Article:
The US House of Representatives Jan. 6 committee said Sunday it would interview more former cabinet secretaries and was willing to include conservative activist Virginia “Ginni” Thomas, who is married to Supreme Court Justice Clarence Thomas, as part of its Investigating the US Capitol riots and subpoenaing Donald Trump’s role.
Lawmakers said they were deepening their probe after a series of eight hearings in June and July, culminating in a prime-time session on Thursday, with plans to interview more witnesses and meet again in September to bring their findings back to the public.
“We anticipate speaking to additional members of the President’s cabinet,” said Rep. Liz Cheney, the committee’s vice chair. “We expect to speak to other members of his campaign. Of course, we are also very focused on the Secret Service.”
Cheney, R-Wyo., has not identified the Trump administration officials who may come forward, but the committee has previously expressed an interest in speaking with those believed to have been considering serving in the 25th Amendment to initiate a constitutional process to remove Trump from office after the January 6, 2021 riots when hundreds of Trump supporters violently stormed the Capitol, disrupting confirmation of Joe Biden’s election.
The committee aired testimony from former Attorney General William Barr, who said he told Trump that widespread allegations of voter fraud were “bullshit” and had “zero basis.” At last week’s hearing, the committee played testimony from then-Labour Secretary Eugene Scalia, who said he had urged Trump to call a cabinet meeting to discuss an orderly transfer of power.
Other cabinet members have indicated they may have important details to share.
Betsy DeVos, then Secretary of Education, previously told USA Today that she and Vice President Mike Pence raised the question of whether the Cabinet should consider invoking the 25th Amendment, which requires approval by the Vice President and a majority of the Cabinet would have meant that the President could no longer fulfill his duties.
In her January 7, 2021 resignation letter, DeVos accused Trump of inciting the mob. “There’s no mistaking the impact your rhetoric had on the situation and that for me is the turning point,” she wrote.
On the same day, Elaine Chao resigned as Minister of Transport. Chao, who is married to Senate GOP leader Mitch McConnell of Kentucky, said the attack “deeply disturbed me in a way I just can’t put aside.”
Mike Pompeo, then Secretary of State who is considering a presidential nomination in 2024, and Steven Mnuchin, Trump’s Treasury Secretary, are also reported to have discussed the possibility of invoking the 25th Amendment in his book, ABC News’ Jonathan Karl “Treason.”
“The floodgates have opened,” said Rep. Elaine Luria, D-Va., regarding the next phase of her investigation.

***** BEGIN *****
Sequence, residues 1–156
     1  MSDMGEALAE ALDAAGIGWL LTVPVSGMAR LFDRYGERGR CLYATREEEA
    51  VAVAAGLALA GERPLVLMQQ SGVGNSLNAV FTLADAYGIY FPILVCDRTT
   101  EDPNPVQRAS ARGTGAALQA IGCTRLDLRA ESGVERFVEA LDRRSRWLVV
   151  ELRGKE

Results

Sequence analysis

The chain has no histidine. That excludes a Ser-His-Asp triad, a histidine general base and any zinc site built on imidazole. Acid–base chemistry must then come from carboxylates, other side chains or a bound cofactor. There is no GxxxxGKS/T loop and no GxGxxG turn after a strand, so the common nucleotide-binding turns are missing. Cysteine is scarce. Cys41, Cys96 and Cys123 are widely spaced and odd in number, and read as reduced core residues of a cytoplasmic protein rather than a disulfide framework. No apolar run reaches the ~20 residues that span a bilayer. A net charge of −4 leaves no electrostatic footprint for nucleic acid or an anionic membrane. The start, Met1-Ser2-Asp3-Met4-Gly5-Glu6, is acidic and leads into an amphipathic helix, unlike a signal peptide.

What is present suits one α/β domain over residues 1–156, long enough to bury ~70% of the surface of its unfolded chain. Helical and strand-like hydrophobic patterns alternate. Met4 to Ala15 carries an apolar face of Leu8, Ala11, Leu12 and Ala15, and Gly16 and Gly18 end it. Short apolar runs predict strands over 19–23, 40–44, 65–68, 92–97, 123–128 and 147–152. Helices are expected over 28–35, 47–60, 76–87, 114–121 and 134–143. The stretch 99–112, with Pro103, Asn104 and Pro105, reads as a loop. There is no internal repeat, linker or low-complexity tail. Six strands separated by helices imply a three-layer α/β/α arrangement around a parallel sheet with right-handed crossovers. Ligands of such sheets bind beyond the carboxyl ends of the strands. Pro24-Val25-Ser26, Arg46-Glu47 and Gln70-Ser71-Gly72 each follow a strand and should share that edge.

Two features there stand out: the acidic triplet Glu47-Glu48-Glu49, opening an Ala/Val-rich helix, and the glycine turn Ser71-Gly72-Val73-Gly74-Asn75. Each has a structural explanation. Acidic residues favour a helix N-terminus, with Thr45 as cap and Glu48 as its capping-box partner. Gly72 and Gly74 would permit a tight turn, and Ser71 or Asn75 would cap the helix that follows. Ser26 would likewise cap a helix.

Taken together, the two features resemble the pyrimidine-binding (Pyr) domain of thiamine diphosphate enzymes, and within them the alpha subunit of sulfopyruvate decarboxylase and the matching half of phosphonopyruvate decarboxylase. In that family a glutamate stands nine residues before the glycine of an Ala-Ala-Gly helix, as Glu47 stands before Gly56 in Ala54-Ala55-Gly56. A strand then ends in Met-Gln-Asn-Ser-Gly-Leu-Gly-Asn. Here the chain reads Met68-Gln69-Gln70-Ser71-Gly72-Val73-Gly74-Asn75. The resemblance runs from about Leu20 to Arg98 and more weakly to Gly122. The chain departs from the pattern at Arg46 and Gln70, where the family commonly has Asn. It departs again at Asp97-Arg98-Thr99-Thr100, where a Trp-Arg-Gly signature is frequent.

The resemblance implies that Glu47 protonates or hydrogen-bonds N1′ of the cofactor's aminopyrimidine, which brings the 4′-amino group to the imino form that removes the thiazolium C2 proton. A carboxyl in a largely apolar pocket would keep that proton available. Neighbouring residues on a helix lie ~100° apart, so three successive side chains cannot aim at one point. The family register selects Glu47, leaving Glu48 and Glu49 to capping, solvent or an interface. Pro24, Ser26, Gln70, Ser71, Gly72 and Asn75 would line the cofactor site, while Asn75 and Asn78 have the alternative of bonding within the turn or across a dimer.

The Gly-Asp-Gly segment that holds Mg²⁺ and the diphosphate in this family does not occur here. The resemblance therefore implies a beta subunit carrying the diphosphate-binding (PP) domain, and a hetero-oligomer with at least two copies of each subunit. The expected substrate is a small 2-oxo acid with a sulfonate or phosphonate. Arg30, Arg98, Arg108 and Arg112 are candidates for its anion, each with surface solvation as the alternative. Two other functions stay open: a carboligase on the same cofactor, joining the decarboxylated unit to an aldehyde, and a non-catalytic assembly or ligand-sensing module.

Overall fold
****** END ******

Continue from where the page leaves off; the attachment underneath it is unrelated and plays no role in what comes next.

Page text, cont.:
Committee members also hope to learn more about Ginni Thomas’ own efforts to keep Trump in office and the potential conflicts of interest for Clarence Thomas arising from the Jan. 6 cases being heard in the Supreme Court. The committee sent a letter to Ginni Thomas last month requesting an interview and hopes she will comply, Cheney said.
Thomas communicated with people in Trump’s orbit prior to the 2021 attack and also on the day of the riot.
“We certainly hope that she’s willing to come voluntarily,” Cheney said. “But the committee is fully prepared to consider a subpoena if she doesn’t.”
Cheney also said that while the committee has not yet decided whether there should be a criminal referral to the Justice Department regarding Trump, “that’s absolutely something we’re looking at.”
Rep. Adam Kinzinger, R-Ill., added, “I think there’s certainly evidence of crime, and I think it goes as far back as Donald Trump.”
While a possible indictment of Trump is a matter for the Justice Department, the committee has used its hearings to try to prove his political viability as he ponders running for office in 2024. Some of the committee’s most damning testimonies come from Trump’s own senior Republican advisers, military leaders and confidants, who admitted to losing confidence in his judgment and commitment to the rule of law in the days leading up to and following the Jan. 6 attack.
The committee also wants to get to the bottom of missing intelligence texts from Jan. 5-6, 2021, which may have further shed light on Trump’s actions during the riot, particularly after previous testimonies about his confrontation with security forces when he tried to join supporters in the Capitol.
Lawmakers are also interested to hear from Steve Bannon, a Trump ally who was found guilty last week of criminally contempt for congressional charges by refusing to comply with a House subpoena.
Cheney has spoken on CNN’s State of the Union and Fox News Sunday, Kinzinger has appeared on ABC’s This Week, and Luria has been on NBC’s Meet the Press.
AP Congressional Correspondent Lisa Mascaro and Associated Press writer Mary Clare Jalonick contributed to this report.
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